Lawyer-turned-data-scientist David Colarusso analyzed 2.2 million sentencing records from Virginia to determine the relationship between race, income and treatment in the criminal justice system.
Colarusso uses his analysis as a primer on data analysis, explaining regression and data normalization in simple language accessible to people without a statistics background.
But then he gets to the conclusion, which shows that race swamps class as a factor in sentencing, saying that "for a black man in Virginia to get the same treatment as his Caucasian peer, he must earn more than half a million dollars a year."
What's more, "the same holds for American Indians, Asian or Pacific Islanders, and Hispanics."
Update: Peer review works! Some of Colarusso's readers reviewed his work and found an error that put the number closer to $90,000 than $500,000. He writes, "Additionally, the offset for Asian defendants turned out to be a little less than half that of Black, Native, and Hispanic defendants."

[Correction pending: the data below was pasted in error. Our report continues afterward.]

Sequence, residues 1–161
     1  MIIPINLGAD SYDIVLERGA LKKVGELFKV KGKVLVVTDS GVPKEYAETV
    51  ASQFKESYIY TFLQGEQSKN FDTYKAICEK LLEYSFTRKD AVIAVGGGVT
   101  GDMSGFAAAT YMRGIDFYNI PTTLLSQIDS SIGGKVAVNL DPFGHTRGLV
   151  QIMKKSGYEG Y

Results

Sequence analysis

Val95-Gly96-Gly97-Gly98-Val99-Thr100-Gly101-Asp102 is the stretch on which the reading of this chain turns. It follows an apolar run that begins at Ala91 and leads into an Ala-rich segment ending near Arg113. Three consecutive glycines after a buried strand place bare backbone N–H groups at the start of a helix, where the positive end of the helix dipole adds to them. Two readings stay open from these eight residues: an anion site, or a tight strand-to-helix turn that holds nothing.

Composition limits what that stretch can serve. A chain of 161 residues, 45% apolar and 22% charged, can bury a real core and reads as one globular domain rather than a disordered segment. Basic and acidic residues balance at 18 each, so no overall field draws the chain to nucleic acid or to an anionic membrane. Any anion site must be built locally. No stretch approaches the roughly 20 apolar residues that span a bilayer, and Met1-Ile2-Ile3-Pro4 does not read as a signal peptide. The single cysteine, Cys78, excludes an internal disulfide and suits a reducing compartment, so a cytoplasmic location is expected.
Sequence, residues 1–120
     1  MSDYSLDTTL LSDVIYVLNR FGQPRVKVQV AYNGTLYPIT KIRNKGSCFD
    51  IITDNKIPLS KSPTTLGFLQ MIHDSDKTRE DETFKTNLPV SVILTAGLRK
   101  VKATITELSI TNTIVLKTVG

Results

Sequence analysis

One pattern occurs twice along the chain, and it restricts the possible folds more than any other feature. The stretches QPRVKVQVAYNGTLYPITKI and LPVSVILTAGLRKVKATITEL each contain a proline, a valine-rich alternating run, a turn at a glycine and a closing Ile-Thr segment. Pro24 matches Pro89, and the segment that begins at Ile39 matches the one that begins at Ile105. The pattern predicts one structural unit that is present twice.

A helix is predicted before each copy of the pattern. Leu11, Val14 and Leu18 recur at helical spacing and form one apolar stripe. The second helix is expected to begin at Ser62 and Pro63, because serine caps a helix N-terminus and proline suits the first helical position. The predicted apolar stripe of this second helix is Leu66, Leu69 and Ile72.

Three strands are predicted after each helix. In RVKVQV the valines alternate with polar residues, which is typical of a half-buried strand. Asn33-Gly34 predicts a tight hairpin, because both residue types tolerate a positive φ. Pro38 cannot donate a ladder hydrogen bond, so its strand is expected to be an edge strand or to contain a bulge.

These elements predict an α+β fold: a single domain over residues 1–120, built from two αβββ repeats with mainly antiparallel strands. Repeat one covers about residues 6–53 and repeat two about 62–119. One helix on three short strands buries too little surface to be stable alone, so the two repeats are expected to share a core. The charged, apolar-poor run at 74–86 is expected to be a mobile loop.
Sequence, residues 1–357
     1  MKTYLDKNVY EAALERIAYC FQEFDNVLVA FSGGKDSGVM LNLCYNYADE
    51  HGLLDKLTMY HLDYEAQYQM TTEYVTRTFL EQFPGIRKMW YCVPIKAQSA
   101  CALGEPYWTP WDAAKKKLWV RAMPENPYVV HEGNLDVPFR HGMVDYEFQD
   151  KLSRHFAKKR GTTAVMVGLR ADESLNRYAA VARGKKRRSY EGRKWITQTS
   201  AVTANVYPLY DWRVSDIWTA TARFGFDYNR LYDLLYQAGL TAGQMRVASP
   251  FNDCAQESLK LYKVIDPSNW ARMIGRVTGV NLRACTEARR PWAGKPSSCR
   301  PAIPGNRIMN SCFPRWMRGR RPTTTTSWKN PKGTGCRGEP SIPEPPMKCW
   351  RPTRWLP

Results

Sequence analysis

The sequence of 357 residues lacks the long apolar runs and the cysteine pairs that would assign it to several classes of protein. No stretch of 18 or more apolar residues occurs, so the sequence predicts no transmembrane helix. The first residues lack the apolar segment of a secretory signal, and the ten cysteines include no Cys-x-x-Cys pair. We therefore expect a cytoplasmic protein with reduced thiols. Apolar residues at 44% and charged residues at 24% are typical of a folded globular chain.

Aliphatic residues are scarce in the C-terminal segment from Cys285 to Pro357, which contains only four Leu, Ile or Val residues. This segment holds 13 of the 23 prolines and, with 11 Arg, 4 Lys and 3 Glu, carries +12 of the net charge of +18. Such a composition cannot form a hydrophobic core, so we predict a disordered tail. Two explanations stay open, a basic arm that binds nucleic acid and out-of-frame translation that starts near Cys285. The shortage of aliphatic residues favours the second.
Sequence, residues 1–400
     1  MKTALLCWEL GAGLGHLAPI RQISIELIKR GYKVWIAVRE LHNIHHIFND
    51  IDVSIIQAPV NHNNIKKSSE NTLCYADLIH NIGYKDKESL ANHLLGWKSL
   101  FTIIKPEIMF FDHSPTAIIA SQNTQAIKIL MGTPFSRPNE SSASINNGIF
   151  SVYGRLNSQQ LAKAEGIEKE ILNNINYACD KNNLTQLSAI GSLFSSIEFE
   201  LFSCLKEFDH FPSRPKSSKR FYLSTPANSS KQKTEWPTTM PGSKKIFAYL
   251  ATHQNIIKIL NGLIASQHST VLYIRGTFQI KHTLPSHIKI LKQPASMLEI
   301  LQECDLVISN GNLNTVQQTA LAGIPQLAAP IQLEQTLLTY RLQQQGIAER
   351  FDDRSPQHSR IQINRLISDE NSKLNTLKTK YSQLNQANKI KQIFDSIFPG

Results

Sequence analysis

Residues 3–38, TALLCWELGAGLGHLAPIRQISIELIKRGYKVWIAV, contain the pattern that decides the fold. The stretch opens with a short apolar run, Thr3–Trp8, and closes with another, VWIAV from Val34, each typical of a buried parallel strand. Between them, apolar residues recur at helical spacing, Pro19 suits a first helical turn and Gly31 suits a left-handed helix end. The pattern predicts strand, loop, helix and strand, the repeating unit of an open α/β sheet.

I did all of my analysis with freely available tools, and there's nothing stopping you from picking up where I left off. In fact, I hope that a few of you will look at this GitHub repo and do exactly that. However, it's important to note that you need a solid foundation in statistics to avoid making unwarranted claims due to lack of experience.
And beware the danger zone! As Drew Conway (creator of the Venn Diagram above) points out, "It is from [that] part of the diagram that the phrase 'lies, damned lies, and statistics' emanates."
That being said, there is nothing magic here. You can also discover hidden truths. My advice? Be suspicious of answers that reinforce your existing assumptions. Do your work in the open. When confidentiality allows, share both your findings and your data. Have someone check your math. Listen to feedback, and always be ready to change your mind
Uncovering Big Bias with Big Data